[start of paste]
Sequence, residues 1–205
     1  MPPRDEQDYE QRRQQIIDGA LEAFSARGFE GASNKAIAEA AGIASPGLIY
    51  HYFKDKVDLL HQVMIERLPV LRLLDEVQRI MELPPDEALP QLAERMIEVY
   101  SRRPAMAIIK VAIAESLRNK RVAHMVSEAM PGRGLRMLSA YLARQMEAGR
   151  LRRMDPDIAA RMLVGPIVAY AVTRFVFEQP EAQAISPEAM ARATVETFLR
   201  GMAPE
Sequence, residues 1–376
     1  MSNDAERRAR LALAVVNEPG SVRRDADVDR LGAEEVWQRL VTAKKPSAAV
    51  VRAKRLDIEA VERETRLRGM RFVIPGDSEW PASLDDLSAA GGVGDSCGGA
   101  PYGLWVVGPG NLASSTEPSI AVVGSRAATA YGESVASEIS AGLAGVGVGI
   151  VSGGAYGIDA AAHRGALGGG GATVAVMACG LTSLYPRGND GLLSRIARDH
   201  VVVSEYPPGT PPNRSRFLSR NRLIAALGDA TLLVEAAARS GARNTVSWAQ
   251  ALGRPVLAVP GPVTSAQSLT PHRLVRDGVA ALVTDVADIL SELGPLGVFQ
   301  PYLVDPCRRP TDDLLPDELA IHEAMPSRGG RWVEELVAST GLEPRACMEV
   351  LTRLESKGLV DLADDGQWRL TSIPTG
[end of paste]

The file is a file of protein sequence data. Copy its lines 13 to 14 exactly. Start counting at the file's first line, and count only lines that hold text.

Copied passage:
   251  ALGRPVLAVP GPVTSAQSLT PHRLVRDGVA ALVTDVADIL SELGPLGVFQ
   301  PYLVDPCRRP TDDLLPDELA IHEAMPSRGG RWVEELVAST GLEPRACMEV